We few, equals, indifferent of lands, indifferent of times;
We, enclosers of all continents, all castes—allowers of all theologies,
Compassionaters, perceivers, rapport of men,
We walk silent among disputes and assertions, but reject not the disputers, nor any thing that is asserted;
We hear the bawling and din—we are reach’d at by divisions, jealousies, recriminations on every side,
They close peremptorily upon us, to surround us, my comrade,
Yet we walk unheld, free, the whole earth over, journeying up and down, till we make our ineffaceable mark upon time and the diverse eras,
Till we saturate time and eras, that the men and women of races, ages to come, may prove brethren and lovers, as we are.

"I'm trying here to prevent anyone saying the really foolish thing that people often say about Him: "I'm ready to accept Jesus as a grear moral teacher, but I don't accept his claim to be God." That is one thing we must not say. A man who was merely a man and who said the sort of things Jesus said would not be a great moral teacher. He would either be a lunatic - on a par with the man who says he is a poached egg - or else he would be the Devil of Hell. You must make your choice. Either this man was, and is, the Son of God, or else a madman or something worse. You can shut Him for a fool, you can spit at Him and kill Him as a demon, or you can fall at His feet and call Him Lord and God. But let us not come with any patronising nonsense about His being a great human teacher. He had not left that option open to us. He did not intend to."

- C.S.Lewis, "Mere Christianity."
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The "63% claiming not to be 'religious' though with 64% claiming to be 'Christian'" conundrum reminds me of my favourite quip about the Church of England - its greatest strength is that it allows its followers to believe almost anything although, of course, hardly any of them do...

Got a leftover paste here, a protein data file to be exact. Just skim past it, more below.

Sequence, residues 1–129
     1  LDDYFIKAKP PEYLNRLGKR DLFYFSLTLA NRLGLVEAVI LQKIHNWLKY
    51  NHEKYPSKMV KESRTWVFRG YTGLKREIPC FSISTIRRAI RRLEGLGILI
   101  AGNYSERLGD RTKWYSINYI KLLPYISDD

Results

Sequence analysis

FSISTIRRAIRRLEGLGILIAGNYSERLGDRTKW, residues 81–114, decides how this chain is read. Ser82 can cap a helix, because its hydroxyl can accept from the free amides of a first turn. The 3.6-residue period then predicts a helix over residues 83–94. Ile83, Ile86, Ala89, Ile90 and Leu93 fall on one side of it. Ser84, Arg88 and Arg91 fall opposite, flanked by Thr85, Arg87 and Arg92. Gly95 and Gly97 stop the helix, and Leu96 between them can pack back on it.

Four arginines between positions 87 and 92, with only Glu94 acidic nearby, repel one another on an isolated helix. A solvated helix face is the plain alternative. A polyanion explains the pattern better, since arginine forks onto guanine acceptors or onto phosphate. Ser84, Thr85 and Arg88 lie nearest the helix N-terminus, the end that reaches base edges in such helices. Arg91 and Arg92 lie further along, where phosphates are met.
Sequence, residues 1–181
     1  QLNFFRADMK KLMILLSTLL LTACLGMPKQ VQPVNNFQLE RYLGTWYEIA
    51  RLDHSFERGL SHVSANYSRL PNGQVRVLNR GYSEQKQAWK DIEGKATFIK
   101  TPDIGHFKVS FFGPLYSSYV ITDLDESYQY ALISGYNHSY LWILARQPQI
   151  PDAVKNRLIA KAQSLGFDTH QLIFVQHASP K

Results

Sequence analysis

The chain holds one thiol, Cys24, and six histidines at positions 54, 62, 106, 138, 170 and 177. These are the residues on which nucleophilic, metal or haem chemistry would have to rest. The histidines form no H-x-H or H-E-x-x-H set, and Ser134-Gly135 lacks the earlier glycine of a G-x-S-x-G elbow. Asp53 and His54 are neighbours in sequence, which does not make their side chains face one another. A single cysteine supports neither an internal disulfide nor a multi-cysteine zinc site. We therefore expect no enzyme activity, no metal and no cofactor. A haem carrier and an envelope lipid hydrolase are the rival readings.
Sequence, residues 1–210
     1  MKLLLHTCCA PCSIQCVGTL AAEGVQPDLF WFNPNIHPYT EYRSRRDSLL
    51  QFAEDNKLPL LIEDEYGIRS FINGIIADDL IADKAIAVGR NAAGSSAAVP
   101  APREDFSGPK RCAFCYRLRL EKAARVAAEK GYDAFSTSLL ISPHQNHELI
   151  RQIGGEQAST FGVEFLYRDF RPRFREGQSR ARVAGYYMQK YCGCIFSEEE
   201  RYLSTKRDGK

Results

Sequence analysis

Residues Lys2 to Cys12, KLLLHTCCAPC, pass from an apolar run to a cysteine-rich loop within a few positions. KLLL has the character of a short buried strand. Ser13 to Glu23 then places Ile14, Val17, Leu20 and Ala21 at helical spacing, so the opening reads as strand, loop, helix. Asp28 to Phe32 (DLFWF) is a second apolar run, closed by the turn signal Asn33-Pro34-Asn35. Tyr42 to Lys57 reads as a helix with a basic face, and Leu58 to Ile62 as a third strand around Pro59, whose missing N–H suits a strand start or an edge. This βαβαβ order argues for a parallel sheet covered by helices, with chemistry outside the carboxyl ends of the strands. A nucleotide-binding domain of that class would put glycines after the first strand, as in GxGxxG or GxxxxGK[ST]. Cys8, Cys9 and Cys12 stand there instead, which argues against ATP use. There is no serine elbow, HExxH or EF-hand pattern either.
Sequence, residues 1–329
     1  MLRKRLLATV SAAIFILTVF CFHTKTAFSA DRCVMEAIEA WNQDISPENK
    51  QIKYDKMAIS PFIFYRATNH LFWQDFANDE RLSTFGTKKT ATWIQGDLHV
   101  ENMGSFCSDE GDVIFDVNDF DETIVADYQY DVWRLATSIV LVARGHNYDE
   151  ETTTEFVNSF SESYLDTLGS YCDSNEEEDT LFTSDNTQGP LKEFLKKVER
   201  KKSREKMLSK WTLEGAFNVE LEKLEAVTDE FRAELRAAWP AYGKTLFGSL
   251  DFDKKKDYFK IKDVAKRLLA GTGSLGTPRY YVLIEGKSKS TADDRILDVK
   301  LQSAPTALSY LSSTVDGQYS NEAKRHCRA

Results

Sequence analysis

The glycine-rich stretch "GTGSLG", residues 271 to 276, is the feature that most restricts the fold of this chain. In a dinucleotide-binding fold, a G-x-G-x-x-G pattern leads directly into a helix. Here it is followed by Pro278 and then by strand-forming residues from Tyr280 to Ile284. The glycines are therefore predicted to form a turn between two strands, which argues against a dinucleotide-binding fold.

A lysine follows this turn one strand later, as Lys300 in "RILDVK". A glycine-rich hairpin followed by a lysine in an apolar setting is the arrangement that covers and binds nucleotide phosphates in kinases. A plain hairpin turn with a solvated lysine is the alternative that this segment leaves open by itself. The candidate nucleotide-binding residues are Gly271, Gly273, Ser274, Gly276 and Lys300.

Happy Christmas
great poem, thanks.
Super quote but I don't follow Lewis's reasoning as it doesn't contain enough reason. I don't think Christ has to be insane to say the things he said and choose to accept him as the very thing Lewis says I shouldn't: a great moral teacher.
After my long experience of aettnding a C of E primary school, singing in the choir, attending confirmation classes and listening to endless boring sermons, I agree wholeheartedly with you.
The example of Christ as a person does not inspire me. There are three reasons for this:
1: He enunciated the doctrine that "There is no other way but through me" (By comparison, pagans were much more tolerant. Indeed, if it is true that the only way to God is via belief in Jesus, this would justify forced conversion in order to save souls, precisely the lesson drawn by Christians fanatics through the centuries. I'm afraid the rather mild Anglicanism we all find so congenial is a very recent heresy).
2: He believed in the doctrine of (eternal punishment) in hell; a place where, according to Jesus, there will be "weeping and gnashing of teeth" and where, according to Matthew, the "fire never goes out". This does not strike me as a very humane or admirable doctrine. (Remember: this is a punishment for disbelief).
3: He adopted a stance of passive submission towards earthly powers. Jesus was definitely "other-worldly": he believed the "kingdom of God" was "at hand" and so you needn't worry about the injustices and cruelties of this world, because (so long as you believe in Jesus) you will get pie-in-the-sky-when-you-die. Personally, I prefer Spartacus.